Association for Information Science and Technology Annual Lecture with Professor Steve Fuller
What, if anything, makes knowledge an improvement over information?
In this era of smartphones and easy connectivity, we can’t seem to get ‘too much information’. Yet for a long time many have warned of the dangers of ‘information overload’.
Professor Fuller will argue that this polarity is not new. Indeed, what we value in information as ‘knowledge’ has always required a selective reproduction process, where the ‘information’ is systematically discarded and altered. Thus the difference between ‘error’, ‘distortion’, ‘clarification’ and sheer ‘originality’ is a feature of how this selective reproduction process works in particular societies. This can mean that one society’s fraud may be another society’s genius.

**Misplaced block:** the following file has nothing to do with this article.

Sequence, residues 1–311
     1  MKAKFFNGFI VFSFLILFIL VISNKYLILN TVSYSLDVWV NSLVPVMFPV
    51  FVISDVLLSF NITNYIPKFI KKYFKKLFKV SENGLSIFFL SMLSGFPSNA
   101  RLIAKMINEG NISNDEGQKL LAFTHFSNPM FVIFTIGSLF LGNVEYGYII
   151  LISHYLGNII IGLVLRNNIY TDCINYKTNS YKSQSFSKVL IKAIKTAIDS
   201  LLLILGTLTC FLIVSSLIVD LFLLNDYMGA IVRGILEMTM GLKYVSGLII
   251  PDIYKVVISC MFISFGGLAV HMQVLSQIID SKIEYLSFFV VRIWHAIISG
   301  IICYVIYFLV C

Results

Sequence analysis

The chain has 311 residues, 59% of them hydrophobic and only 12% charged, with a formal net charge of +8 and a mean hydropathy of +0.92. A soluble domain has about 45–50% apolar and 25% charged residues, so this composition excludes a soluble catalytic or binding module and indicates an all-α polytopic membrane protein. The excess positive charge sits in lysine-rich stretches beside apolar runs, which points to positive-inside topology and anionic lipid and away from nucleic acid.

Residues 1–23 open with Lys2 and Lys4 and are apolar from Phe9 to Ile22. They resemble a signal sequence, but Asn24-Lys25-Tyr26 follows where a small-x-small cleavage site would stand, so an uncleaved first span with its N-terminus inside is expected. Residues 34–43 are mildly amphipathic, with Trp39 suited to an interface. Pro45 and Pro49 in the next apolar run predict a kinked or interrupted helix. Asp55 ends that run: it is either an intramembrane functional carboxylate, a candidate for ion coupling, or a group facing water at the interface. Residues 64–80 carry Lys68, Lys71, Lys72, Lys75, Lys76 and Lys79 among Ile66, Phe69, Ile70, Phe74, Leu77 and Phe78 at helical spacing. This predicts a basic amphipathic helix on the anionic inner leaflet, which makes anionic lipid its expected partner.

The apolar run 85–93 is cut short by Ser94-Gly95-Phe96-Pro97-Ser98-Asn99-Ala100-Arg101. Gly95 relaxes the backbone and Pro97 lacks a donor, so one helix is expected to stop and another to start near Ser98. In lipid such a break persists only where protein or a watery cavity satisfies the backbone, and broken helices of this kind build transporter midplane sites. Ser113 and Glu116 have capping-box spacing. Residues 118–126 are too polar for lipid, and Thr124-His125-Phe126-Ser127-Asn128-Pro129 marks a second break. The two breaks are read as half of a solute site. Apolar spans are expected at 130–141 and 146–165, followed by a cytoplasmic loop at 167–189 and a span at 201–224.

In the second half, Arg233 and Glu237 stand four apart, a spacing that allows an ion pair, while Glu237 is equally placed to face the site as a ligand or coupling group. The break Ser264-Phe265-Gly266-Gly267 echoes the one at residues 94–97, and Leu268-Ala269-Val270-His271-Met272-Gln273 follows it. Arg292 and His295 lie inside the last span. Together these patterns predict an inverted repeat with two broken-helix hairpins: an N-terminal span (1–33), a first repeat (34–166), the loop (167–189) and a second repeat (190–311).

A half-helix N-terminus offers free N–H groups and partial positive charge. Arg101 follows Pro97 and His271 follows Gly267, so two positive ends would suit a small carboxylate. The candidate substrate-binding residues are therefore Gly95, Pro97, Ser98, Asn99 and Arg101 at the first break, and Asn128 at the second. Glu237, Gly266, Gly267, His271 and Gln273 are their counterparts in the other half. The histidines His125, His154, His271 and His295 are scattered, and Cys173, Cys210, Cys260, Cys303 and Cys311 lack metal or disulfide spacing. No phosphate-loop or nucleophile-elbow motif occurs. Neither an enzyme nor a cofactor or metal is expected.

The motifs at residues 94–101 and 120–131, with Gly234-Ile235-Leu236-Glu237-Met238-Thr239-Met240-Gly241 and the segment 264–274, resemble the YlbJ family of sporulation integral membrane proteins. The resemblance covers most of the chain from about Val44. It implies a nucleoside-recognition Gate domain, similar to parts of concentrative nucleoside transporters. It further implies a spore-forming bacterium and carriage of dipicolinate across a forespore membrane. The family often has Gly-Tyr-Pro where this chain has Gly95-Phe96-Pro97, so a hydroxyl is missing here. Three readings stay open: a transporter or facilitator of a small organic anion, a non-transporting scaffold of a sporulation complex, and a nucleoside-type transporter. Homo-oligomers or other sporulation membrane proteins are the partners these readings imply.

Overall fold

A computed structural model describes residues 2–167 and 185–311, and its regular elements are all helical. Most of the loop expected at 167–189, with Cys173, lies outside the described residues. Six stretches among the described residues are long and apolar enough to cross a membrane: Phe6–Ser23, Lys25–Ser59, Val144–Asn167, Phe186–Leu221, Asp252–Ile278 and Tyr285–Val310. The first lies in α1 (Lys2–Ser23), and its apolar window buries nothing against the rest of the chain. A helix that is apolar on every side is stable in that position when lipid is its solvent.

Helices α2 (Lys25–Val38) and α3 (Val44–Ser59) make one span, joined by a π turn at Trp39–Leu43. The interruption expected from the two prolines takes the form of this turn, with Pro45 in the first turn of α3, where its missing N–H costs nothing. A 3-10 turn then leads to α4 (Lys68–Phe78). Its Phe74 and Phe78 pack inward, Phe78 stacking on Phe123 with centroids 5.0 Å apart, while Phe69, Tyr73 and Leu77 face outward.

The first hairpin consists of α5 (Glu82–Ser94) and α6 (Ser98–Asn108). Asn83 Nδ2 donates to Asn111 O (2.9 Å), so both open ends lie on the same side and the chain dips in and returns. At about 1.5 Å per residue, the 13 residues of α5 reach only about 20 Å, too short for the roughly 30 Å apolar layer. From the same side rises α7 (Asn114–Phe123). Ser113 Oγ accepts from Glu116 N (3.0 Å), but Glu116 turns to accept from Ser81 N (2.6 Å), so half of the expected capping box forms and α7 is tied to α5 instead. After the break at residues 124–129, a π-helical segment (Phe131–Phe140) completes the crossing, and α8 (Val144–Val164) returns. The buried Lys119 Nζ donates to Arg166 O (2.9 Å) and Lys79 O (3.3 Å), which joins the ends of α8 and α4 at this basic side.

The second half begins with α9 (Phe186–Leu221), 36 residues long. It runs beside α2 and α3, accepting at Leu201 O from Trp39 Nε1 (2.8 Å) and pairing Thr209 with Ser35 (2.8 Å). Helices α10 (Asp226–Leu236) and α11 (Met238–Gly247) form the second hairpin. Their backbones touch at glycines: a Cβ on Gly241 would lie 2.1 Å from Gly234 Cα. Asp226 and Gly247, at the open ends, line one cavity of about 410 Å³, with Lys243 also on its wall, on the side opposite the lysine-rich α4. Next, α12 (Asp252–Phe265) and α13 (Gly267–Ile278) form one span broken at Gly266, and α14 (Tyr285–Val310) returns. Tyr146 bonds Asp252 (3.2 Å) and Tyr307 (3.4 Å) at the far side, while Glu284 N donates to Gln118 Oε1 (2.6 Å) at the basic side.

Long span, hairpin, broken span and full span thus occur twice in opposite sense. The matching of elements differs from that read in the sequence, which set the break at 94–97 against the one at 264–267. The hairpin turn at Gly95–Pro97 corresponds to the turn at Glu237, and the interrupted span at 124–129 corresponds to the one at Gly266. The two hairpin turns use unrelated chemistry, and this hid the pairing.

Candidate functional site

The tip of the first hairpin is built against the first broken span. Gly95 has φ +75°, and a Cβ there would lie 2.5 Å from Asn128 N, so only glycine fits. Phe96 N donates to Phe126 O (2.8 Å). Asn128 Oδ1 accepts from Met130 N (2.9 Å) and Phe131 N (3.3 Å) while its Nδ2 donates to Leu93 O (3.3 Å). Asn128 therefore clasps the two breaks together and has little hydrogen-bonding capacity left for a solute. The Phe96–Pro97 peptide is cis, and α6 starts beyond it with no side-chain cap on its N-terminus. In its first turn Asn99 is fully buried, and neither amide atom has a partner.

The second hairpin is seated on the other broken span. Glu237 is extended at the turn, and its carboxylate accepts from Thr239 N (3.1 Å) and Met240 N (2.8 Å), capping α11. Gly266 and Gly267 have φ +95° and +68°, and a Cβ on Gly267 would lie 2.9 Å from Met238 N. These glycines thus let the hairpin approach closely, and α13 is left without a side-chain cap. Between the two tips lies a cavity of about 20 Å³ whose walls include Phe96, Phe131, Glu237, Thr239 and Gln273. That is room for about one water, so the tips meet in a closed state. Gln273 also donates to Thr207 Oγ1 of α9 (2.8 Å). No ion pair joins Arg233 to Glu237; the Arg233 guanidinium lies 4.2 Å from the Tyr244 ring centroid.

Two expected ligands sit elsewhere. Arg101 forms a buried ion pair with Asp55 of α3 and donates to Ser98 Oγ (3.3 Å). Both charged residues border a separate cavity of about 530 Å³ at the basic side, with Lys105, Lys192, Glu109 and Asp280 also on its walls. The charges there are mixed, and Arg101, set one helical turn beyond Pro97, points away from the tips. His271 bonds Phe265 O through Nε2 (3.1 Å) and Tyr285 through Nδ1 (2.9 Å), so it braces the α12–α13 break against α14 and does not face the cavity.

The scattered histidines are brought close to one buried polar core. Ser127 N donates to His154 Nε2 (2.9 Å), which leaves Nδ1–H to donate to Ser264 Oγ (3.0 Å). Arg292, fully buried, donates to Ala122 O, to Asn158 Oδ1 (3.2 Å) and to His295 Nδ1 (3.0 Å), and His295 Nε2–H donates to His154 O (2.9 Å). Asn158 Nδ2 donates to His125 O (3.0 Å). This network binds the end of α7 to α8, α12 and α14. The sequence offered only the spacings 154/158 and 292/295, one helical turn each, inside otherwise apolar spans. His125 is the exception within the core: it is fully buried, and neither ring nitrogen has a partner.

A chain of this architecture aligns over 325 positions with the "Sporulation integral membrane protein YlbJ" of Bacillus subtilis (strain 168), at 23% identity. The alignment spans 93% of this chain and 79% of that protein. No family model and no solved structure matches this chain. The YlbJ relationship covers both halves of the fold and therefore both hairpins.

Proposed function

Given that we live an increasingly interconnected world, and one in which everyone is supposed to be reliant on the ‘same’ information, Professor Fuller will discuss the difficulties of accommodating different understandings of this ‘same’ information, and how these might be conceived and addressed.
Professor Steve Fuller is the Auguste Comte Chair in Social Epistemology at the University of Warwick, UK. Originally trained in history and philosophy of science (Ph.D., University of Pittsburgh, 1985), Fuller founded the interdisciplinary research programme of ‘social epistemology’ with a quarterly journal by that name (Routledge, 1987- ) and the first of his 21 books (Indiana University Press, 1988). His most recent book is Knowledge: The Philosophical Quest in History (Routledge, 2015).
Doors open at 5.30pm / Lecture begins at 6pm followed by a Q&A
A reception will follow at 7pm (main foyer)
More information on the Association for Information Science and Technology can be found here